During my first prenatal-care appointment, my obstetrician cautioned me to avoid the flu at all costs. Influenza has long been linked to severe illness and respiratory complications during pregnancy. But a recent animal study published in the Jan. 15 issue of Biological Psychiatry suggests that the flu also may indirectly lead to increased risk of schizophrenia in offspring.
Looking at environmental factors
Researchers are diligently searching for the gene or genes underlying schizophrenia, but despite having identified several “genes of interest” in the disorder, they haven’t yet found a genetic “smoking gun.”
“We know schizophrenia runs in families, and there are some genes that seem to increase risk. But most of those genes actually contribute only a very small percentages to the overall risk for the disorder,” says John Gilmore, director of the Center for Excellence in Community Mental Health at the University of North Carolina at Chapel Hill. “So we know that environmental factors also play an important role, and we’re trying to understand how genes and environment interact to increase the risk for schizophrenia.”
In 2004, Alan Brown, a psychiatrist and epidemiologist at the Columbia University Medical Center, examined archived blood sera, which documents exposure to the flu, from a large group of pregnant mothers. He and his colleagues found that the risk of schizophrenia increased threefold (from 1 in 100 to 3 in 100 births) if exposure occurred in the middle of pregnancy and seven times (from 1 in 100 to 7 in 100 births) if the mother was exposed in the first trimester.
“We hypothesize that having a flu infection with a related immune response can damage fetal development,” says Brown. “The idea is that the fetal brain is in a critical period of development and the mother’s immune response to the flu may alter that development in such a way to increase the risk of schizophrenia.”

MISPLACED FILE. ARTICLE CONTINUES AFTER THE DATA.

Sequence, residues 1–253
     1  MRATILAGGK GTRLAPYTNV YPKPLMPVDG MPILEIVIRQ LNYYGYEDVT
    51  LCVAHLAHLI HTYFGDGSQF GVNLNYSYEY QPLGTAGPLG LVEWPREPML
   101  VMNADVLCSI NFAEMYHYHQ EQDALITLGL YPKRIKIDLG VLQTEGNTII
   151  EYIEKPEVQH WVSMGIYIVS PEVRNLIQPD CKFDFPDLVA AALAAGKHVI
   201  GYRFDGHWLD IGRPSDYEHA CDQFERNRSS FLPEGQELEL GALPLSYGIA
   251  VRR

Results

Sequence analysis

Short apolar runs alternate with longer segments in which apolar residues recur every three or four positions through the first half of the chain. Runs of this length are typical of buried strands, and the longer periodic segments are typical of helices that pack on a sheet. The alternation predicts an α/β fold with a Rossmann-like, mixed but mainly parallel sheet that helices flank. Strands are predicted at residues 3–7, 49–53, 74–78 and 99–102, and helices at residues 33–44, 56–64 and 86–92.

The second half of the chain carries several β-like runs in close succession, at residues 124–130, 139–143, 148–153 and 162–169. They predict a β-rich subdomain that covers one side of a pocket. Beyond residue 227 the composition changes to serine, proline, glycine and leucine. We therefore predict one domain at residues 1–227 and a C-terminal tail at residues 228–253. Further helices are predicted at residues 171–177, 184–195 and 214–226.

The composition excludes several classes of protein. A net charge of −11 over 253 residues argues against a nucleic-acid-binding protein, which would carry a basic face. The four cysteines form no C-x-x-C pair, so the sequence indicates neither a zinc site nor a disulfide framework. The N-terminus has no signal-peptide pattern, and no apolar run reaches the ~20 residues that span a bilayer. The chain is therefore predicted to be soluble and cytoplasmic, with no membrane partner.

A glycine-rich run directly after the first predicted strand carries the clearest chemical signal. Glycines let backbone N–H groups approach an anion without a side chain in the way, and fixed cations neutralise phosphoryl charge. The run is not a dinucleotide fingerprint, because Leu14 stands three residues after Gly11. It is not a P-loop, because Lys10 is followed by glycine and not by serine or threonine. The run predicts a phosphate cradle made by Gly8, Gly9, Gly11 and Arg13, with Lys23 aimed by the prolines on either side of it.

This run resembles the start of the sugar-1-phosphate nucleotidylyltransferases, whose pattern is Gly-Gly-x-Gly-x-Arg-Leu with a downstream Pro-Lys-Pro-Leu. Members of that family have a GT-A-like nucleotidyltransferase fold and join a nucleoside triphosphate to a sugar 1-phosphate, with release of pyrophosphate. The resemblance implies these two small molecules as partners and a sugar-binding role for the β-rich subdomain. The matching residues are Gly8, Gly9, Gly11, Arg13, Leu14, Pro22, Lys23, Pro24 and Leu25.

Paul Patterson, a researcher at the California Institute of Technology, has found similar results in mice. His work suggests that a cytokine, or immune protein, called Interleukin-6 may be promoting altered fetal brain development. Cytokines also appear to play a role in the development of neurons.
“Interleukin-6 seems to be required and sufficient” to cause a chage, says Patterson. “We’re looking now to see whether it’s working on the placenta or in the brain itself—and how it’s working to cause the damage.”
Flu-related changes to the Rhesus brain
Gilmore, post-doctoral fellow Sarah Short and colleagues decided to look at potential changes in the brains of young Rhesus monkeys, an animal model closer to human than the mouse model. The group examined the brain scans of offspring when mothers were exposed to influenza one month prior to their expected due dates versus a group of animals whose mothers were not exposed to the virus. At one year of age, roughly equivalent to the toddler years in humans, brains of the offspring with exposed mothers showed significant differences, the group found.
“We used functional magnetic resonance imaging (fMRI) and saw that the flu-exposed offspring had smaller overall brain volume, specifically related to gray matter, and increased volume in the lateral ventricles,” says Short. “In humans with schizophrenia, you see very similar brain characteristics.”
This and other evidence suggests that a mother’s immune response to the flu can result in permanent alterations to fetal brain development leading to schizophrenia. And it is possible that this effect could be related to any significant immune response—including one from a vaccine. But Brown, Patterson, and Gilmore all caution that there is still a lot more to learn about the maternal immune response and its effects to the fetal brain. Until those studies can be completed, Brown offers pregnant women practical advice.
“Moms shouldn’t be alarmed. Even if you get the flu or some other infection, the chances are far greater that your child won’t develop schizophrenia,” he says. “But if you are worried, just remember to follow hygienic precautions during pregnancy. Wash your hands, avoid individuals you know who have the flu, and so on. It sounds obvious and trivial, but most people don’t follow those basic rules.”